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Introduction & Welcome

Welcome to this Website dedicated to Third Cinema. The aim of this site is to provide an introduction to the ideas behind Third Cinema, to identify some of the best known or most accessible of the films and filmmakers and to provide links to more information to aid further study.

The site is divided into five main chapters, Africa, Latin America, India, Theories and History. There is also a glossary, a links page and a page providing contact details.

Images and links that relate to each section are placed in the right-hand margin and a menu of subsections is provided, when needed, in the left-hand margin.

We hope that you find this site informative, useful and enjoyable. Please don't hesitate to get in touch with any comments or suggestions.

We also have a blog right here.

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A World Map

What is Third Cinema?

Third Cinema is a militant cinema and a cinema of opposition to the dominant film institutions in the world. These latter are the cinemas of the advanced capitalist countries, such as the USA. The most notable example of a dominant cinema is that of Hollywood. Like McDonalds, Coca-Cola and Microsoft its products circulate the globe, not only occupying people's hearts and minds but also leaving little space for any alternative or opposition.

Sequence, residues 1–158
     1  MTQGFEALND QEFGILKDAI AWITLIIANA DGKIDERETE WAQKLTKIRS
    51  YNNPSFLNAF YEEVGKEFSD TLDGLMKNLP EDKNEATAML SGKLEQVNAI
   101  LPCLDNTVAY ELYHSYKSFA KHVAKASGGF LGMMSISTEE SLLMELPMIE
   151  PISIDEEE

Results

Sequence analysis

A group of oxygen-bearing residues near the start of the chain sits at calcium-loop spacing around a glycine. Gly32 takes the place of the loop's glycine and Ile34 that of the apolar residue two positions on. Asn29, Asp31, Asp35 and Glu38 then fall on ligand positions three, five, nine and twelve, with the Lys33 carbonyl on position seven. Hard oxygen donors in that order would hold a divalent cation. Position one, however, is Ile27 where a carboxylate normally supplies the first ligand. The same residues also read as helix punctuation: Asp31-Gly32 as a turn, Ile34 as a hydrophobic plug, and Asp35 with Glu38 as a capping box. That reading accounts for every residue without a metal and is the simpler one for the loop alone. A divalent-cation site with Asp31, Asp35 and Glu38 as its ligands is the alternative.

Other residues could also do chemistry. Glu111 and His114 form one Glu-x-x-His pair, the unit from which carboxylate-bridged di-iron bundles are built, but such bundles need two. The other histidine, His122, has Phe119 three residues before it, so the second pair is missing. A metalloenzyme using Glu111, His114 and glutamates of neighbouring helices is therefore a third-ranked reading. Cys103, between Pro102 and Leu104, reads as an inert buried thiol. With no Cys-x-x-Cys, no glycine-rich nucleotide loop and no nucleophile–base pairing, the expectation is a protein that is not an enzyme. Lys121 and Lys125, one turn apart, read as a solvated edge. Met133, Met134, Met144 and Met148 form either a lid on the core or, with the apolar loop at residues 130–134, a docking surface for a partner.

Third Cinema aims to give expression to dissident voices, especially those caught in a web of colonial or neo-colonial exploitation and oppression. It developed in the 1960s, when there was also a high tide of struggles against western domination known as National Liberation Struggles. In the succeeding years a body of film-makers from the countries, what is often termed the Third World, have produced dynamic, exciting and politically stimulating films, telling all sorts of stories, documenting life and resistance; and producing radically different films from those made in the west.

Third Cinema is not a genre, like the Western or the Science-Fiction film. It is a space, a terrain, where people struggle, experiment, argue and contest the entertainment cinemas that occupy the majority of screen time.

What makes a Third Cinema film is what is brought to the experience by not only by the filmmakers but also, more significantly, by the film audiences.

Most examples of Third Cinema films and filmmakers are little known or seen in the UK, where this site has been made. However, as the recent movements made in response to corporate-globalization demonstrate, people want and need to hear voices from outside the dominant metropoles.

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Links for further information
a website about the Third World